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Guest Editorial:
eHarmony - Niche Service or a Business that Discriminates?

by James Houran, Ph.D.

(December 2008) This holiday season has brought an interesting “gift” to the industry. eHarmony, the long-term relationship/online dating website, has agreed in a civil rights settlement to give up its heterosexuals-only policy and offer same-sex matches. The dating site must also implement the new policy by March 31st, 2009 and give the first 10,000 same-sex registrants a free six-month subscription. The settlement, which didn't find that eHarmony broke any laws, called for the company to either offer the gay matches on its current venue or create a new site for them. EHarmony has opted to create a site called Compatible Partners. This news has the industry and general media abuzz, so I thought I’d weigh in.

This development is nothing sort of ridiculous, and I feel sets a bad precedent in the industry. EHarmony is arguably a niche site – a dating site for heterosexuals (Christian in orientation) who are interested in finding marriage partners. The site was heavily promoted by Christian evangelical leaders when it was founded, and their stance against same-sex matching is well known to anyone who knows about the differences among online dating sites. Now eHarmony’s niche is definitely large – the site dominates television advertising and their service has become part of pop culture to a large extent. Of course, the same can be said of Apple and Microsoft, even though not everyone has or uses computers or other such electronics. Now to be fair, I certainly understand why some people might be confused by eHarmony’s makeover of their image over the past few years. In the past, eHarmony’s commercials and media interviews – in fact, its very persona – was centralized on its founder psychologist, Dr. Neil Clark Warren. Dr. Warren is an elderly, soft spoken man with clearly idealistic views on love and romance. He’s definitely a traditionalist on marriage and the company used to have an unmistakably Christian slant. There’s nothing inherently wrong about those things, as eHarmony should be allowed to serve the market sector it wants. But a few years back, eHarmony received hundreds of millions of dollars in capital investment and now Dr. Warren is conspicuously absent from the company’s advertisements and media work. In short, Dr. Warren caved to pressure from its new investors and perhaps management to widen eHarmony’s commercial appeal.

The problem of image is also compounded by a wee bit of insincerity on Dr. Warren’s part. He has said in past interviews that he didn't want to feature same-sex services on eHarmony, which matches people based on similarity between people on their responses to a long questionnaire concerning personality traits, relationship history and interests, because he felt he didn't know enough about gay relationships. Really… a so-called compatibility expert isn’t aware of the research on gay relationships? That’s hard to believe given that it’s been long known that the matching principle of homogamy (the mating of similar individuals) is not limited to traditionally married partners, but also applies to heterosexual cohabiting and even homosexual couples(1). So we have the situation where Dr. Warren looks to be academically incompetent or disingenuous about his company’s agenda. The fact is that eHarmony simply wasn’t interested in serving that particular market segment, just like other companies who select a market niche to maintain a competitive advantage in the market.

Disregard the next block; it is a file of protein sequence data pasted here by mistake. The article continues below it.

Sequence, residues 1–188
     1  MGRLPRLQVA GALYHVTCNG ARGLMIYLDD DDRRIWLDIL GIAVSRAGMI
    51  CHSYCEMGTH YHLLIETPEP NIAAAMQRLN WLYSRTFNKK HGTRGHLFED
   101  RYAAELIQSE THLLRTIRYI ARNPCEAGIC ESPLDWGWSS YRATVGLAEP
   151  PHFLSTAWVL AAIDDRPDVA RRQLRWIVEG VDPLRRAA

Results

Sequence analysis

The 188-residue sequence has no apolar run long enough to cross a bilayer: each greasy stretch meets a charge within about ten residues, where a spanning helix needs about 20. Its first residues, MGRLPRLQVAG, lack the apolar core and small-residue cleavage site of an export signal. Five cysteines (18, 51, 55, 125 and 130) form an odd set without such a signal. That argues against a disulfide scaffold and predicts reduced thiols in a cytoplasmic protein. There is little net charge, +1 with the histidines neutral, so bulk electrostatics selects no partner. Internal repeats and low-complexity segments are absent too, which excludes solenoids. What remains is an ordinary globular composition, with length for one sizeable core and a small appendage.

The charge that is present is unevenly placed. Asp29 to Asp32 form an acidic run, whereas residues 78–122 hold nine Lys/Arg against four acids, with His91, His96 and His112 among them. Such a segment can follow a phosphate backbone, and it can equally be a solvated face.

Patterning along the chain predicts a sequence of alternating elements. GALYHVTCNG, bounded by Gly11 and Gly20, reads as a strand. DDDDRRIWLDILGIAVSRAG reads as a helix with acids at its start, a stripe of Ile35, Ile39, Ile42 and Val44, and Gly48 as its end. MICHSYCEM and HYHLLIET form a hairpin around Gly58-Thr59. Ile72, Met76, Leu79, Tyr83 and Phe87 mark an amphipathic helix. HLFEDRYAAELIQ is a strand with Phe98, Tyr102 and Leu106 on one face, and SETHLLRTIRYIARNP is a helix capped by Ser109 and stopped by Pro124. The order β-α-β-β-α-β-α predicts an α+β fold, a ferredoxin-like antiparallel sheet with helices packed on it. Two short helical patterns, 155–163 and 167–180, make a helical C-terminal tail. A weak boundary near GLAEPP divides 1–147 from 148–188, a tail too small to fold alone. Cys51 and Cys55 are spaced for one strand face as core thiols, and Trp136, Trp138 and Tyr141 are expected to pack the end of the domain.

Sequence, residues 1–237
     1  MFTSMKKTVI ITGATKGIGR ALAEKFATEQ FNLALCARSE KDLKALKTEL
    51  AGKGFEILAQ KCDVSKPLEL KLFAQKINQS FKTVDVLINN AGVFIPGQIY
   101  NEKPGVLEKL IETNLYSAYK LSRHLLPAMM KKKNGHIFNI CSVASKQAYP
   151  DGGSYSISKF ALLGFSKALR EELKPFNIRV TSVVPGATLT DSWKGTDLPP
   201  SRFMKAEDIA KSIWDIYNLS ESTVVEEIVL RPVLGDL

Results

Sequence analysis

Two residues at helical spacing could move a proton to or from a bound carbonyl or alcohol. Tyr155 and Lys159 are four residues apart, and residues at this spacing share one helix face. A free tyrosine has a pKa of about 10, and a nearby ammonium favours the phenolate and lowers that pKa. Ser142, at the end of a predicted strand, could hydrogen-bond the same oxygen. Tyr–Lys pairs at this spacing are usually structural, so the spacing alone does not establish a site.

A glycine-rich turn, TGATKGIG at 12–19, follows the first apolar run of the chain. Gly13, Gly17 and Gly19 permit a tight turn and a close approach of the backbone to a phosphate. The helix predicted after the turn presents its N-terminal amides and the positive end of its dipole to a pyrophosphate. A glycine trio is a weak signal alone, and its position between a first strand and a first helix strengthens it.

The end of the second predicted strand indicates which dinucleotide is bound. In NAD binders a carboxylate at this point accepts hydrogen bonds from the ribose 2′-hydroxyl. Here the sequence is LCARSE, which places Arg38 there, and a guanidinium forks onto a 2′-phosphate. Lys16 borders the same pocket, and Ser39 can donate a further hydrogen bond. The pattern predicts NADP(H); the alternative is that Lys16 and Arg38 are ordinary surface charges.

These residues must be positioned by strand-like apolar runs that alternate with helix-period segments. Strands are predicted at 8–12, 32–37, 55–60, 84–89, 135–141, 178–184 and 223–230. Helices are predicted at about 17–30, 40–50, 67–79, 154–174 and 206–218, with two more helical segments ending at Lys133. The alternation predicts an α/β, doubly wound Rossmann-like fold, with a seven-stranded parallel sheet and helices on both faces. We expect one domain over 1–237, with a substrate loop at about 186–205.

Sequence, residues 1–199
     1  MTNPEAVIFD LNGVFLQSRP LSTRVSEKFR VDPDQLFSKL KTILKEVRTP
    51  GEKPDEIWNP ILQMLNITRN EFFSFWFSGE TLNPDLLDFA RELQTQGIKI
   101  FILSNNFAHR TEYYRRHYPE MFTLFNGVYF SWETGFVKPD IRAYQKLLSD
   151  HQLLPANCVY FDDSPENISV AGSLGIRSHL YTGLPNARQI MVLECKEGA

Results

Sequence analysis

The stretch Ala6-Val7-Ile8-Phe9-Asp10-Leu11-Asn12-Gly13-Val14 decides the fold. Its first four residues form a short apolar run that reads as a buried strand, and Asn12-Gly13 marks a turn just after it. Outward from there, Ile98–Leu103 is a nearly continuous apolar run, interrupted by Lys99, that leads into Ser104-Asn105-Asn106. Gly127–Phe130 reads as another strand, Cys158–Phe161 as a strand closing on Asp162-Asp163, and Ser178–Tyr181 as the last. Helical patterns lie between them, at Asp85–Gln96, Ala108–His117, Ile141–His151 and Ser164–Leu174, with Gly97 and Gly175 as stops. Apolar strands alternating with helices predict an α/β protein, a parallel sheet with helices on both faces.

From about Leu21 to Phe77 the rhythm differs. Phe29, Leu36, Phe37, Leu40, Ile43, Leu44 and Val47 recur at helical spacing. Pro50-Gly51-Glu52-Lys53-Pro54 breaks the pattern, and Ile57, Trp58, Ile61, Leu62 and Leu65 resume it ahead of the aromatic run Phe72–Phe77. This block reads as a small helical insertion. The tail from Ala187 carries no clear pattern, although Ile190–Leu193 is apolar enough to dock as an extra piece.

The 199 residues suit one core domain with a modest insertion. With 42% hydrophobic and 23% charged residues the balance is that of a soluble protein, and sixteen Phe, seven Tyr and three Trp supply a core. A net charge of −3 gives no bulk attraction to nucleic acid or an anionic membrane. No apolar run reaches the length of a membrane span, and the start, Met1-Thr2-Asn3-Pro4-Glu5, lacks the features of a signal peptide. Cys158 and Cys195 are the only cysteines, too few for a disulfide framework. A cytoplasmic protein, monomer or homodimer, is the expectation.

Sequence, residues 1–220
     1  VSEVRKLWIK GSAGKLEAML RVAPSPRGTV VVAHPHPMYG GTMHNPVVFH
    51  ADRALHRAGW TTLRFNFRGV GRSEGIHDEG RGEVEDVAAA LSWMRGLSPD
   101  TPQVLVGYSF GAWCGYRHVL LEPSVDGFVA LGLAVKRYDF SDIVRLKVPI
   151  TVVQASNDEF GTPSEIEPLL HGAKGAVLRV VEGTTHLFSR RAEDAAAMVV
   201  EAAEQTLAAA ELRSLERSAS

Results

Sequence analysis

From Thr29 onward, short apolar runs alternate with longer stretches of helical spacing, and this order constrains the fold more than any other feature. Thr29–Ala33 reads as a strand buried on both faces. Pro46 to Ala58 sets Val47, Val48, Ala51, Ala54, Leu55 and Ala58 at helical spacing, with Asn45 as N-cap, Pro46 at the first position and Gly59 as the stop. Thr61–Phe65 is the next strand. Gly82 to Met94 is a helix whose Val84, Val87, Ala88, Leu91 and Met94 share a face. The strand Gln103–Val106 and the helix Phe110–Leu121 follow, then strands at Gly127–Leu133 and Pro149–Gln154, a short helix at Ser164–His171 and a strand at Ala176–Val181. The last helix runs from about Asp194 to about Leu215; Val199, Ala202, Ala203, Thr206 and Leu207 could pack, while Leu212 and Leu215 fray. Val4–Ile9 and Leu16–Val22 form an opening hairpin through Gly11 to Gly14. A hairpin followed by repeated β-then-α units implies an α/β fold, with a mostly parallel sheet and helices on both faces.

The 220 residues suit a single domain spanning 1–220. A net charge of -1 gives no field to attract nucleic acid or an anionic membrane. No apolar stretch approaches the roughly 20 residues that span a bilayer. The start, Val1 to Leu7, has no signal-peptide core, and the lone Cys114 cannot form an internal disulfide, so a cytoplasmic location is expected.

The reaction to the eHarmony development has been puzzling. Some gays are overjoyed with the result, since they feel it helps advance their political agendas in this highly charged political climate. I personally feel that the settlement and the general lawsuit itself trampled on rights – the rights of eHarmony to serve the market it wants. Why was this lawsuit launched in the first place? – eHarmony makes it clear on its site that its service market is heterosexuals, the online dating industry is filled with hundreds of niche dating sites that inherently exclude groups based on a number of different characteristics and the market already has a number of dating sites that cater specifically to same-sex relationships.

Worse yet, this recent legal development sets the stage for all sorts of other ridiculous challenges based on extreme political correctness. I mean, one astute industry insider rightfully asked, “When is, and other gay dating sites going to be forced to cater to heterosexuals?” Or, now can any and all niches site be sued for not being 100% inclusive with its services. I personally don’t know any business that’s 100% inclusive.

Here’s a thought… maybe someone should sue the person who brought this lawsuit against eHarmony. I mean this person has unapologetically stated that he’s looking for a gay partner, but in the process, he’s definitely and undeniably discriminating against heterosexual women who might want a chance at a relationship with him.

Related Links:
» eHarmony to Match Gays and Lesbians
» eHarmony Same Sex Matching Settlement Agreement


1. 1Kurdek, L. A., & Schmitt, J. P. (1987). Partner homogamy in married, heterosexual cohabiting, gay, and lesbian couples. Journal of Sex Research, 23, 212-232..

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